Aliphatic acids—hydrocarbon chains with a carboxylic acid on one end—are everywhere. But unfortunately, they’re not much use to synthetic chemists. The saturated chain has only two carbon atoms that can react—the one in the carboxyl group and the one adjacent to it. Jin-Quan Yu and coworkers at Scripps Research and Bristol Myers Squibb have designed a reaction that doubles the number of reactive carbons in these molecules to four, transforming the molecules into versatile synthetic building blocks. With a palladium catalyst and one of two pyridine-pyridone ligands, the team reported that they can do a one-step dehydrogenation that selectively attacks the C–H bond two carbons away from the carboxyl group instead of the traditionally more reactive adjacent carbon (Science, 2021, DOI: 10.1126/science.abl3939).
This creates compounds with reactive double bonds which chemists can use to construct a plethora of cyclic and acyclic structures, including drugs and other bioactive compounds. Yu says this reaction can essentially make drugs out of soap. Chemists have long dreamed of using aliphatic acids, the essential backbone of many soaps, as a chemical reagent, he says. The group synthesized over 80 compounds in two variations of the reaction, each using a different ligand. The first, with a simpler pyridine-pyridone ligand, selectively produces α,β-unsaturated carboxylic acids (shown). The other ligand, with a bridging isomethyl group between the pyridine and pyridone rings, gives γ-alkylidene butenolides. The group also incorporated the butenolide motifs into more complex compounds, such as a precursor to the asthma drug Seratrodast.
Double bonds, which are more reactive than single bonds, are the starting point for many bread-and-butter organic synthetic reactions. “Once you create a double bond, now you are connected to all these reactions,” Yu says. Researchers can then add functional groups across this new double bond, allowing access to four carbons on the molecule: the carboxyl plus the next three carbons on the chain.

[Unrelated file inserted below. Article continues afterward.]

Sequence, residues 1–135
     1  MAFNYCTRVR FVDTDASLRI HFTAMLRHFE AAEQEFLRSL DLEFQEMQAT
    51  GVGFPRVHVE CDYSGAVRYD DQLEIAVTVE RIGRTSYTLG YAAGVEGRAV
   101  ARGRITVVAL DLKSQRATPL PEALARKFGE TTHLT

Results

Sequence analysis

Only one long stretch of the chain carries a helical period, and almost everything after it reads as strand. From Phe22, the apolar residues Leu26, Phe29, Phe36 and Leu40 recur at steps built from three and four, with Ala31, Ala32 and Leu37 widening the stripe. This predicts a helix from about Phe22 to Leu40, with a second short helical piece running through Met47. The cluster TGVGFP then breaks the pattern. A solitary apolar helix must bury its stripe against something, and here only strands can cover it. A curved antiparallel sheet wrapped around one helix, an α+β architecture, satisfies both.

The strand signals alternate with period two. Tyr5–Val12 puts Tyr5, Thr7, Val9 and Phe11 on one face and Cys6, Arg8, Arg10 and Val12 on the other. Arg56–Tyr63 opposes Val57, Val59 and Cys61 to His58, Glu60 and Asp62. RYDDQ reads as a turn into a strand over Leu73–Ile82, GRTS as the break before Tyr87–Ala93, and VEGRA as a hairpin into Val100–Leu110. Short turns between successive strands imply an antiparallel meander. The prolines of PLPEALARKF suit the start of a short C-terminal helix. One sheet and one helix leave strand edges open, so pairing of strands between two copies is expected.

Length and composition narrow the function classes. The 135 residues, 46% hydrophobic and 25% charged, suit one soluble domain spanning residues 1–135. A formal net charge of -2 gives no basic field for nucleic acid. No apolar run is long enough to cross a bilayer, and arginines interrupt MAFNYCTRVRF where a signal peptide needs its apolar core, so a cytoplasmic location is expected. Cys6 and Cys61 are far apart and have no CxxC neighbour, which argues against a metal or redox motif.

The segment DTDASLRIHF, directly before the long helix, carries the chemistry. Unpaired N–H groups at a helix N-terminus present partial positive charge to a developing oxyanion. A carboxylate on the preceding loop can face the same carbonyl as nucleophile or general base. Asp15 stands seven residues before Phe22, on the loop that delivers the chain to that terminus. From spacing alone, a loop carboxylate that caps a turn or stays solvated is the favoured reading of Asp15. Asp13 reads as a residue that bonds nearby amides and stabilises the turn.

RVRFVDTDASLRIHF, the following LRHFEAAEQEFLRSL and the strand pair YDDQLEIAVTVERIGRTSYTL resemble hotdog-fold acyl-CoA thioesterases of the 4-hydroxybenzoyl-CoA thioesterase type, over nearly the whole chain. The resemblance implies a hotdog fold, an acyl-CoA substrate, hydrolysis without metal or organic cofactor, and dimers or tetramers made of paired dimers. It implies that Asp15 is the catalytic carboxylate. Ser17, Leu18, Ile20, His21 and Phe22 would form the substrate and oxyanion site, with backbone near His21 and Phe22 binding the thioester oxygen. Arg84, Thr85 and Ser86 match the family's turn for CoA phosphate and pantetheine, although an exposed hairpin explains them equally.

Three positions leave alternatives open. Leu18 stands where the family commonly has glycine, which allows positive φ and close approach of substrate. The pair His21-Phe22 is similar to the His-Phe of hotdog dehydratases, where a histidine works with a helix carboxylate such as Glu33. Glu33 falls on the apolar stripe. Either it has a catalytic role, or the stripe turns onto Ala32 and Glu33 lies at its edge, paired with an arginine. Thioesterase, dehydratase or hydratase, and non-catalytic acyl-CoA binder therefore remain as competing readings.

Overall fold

This research represents a tremendous step in reactivity of free carboxylic acids, says Manuel van Gemmeren, an organic chemist at the University of Münster. The design of the two ligands was clever, and the ability to select between carboxylic acids and other carbonyls in the molecule is unusual and very useful, says Nuno Maulide, an organic chemist at the University of Vienna. Butenolides are effective building blocks for bioactive molecule synthesis, “and this rapid and selective means of assembling them could be a game-changer for many synthetic campaigns,” says Julian G. West, an organic chemist at Rice University.
Yu had been working on this reaction for 20 years, he says. “Now I can say this is not science fiction,” he says. “It’s real.”